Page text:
SB 6617 Public Records Disclosure

Many have written to my office about the public records bill, Senate Bill 6617. The media has been whining that the passage of the bill usurped their lawsuit, which they filed this past fall in Thurston County. They claimed the Legislature improperly denied their requests for records, which would include constituent correspondence and e-mails and my negotiations with other members about legislation, which is exempt under the 1972 Public Records Act.

To clarify what records should be disclosed and what shouldn’t, SB 6617 was drafted. The outrage came when the majority party rushed the bill through without a hearing, jammed it through the legislative process, and rushed it to the Governor’s desk.  While there was nothing especially controversial about the bill, the process the other party used sent a message that there was something to hide.

I want to protect the privacy of constituents. Unlike the Seattle Times and News Tribune, I do not want my constituents’ information disclosed in their newspapers. Public disclosure requests in the past have sought to disclose signers of the traditional marriage initiative and concealed carry permit holders.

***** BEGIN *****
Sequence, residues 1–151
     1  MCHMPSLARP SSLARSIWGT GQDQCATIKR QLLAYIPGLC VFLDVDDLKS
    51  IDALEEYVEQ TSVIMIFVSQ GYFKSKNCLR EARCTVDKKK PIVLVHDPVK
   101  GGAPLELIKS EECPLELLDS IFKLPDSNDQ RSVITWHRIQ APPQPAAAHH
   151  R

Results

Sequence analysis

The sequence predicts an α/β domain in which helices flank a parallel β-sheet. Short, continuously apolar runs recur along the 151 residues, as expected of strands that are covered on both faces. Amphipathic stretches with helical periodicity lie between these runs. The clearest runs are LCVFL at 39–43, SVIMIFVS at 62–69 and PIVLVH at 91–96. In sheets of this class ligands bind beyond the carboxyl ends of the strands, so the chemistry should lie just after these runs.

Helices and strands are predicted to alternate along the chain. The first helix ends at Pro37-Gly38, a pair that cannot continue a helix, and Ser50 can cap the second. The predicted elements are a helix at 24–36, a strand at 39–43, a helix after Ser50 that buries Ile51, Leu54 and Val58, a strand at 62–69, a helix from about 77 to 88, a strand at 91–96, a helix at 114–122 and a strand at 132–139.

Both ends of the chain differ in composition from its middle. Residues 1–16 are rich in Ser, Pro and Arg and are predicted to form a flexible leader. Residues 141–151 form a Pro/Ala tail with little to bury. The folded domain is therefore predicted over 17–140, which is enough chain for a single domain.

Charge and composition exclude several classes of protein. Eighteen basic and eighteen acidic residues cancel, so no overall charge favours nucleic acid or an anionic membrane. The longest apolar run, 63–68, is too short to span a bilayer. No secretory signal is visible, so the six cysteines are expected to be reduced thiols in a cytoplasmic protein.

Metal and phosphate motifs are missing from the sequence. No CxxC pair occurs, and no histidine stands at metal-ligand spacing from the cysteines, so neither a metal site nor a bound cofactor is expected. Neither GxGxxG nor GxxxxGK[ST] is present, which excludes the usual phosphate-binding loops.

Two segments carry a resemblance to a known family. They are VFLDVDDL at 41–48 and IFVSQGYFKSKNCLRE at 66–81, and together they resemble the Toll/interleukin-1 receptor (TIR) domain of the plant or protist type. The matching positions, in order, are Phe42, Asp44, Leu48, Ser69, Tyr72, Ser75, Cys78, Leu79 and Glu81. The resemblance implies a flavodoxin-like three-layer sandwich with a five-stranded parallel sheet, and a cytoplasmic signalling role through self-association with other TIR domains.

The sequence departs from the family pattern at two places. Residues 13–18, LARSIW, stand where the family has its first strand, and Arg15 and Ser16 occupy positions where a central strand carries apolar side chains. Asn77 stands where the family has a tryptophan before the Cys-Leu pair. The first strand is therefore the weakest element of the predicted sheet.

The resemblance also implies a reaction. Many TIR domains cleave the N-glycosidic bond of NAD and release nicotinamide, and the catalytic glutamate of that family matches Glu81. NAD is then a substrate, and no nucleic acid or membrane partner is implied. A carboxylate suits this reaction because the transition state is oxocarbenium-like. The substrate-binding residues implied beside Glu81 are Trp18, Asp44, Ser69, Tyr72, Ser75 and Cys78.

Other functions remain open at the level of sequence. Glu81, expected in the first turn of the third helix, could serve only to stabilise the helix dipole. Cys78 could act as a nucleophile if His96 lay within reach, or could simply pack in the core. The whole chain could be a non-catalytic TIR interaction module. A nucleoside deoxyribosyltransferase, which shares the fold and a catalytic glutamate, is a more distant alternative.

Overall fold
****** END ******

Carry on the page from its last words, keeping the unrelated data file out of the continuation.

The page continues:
Let’s have coffee


I always appreciate constituents coming down to Olympia to visit. It is my pleasure to meet with you and hear about your concerns. When the 60-day legislative session concludes, I want to connect back in district. Feel free to reach out to my office to schedule a time to grab coffee and talk.


Due to election year restrictions, I will be limited in how I can communicate with you about what is going on in Olympia. Please be sure to subscribe to my newsletter if you already haven’t. You can also unsubscribe at anytime by clicking here. Feel free to share this with others that live in our district.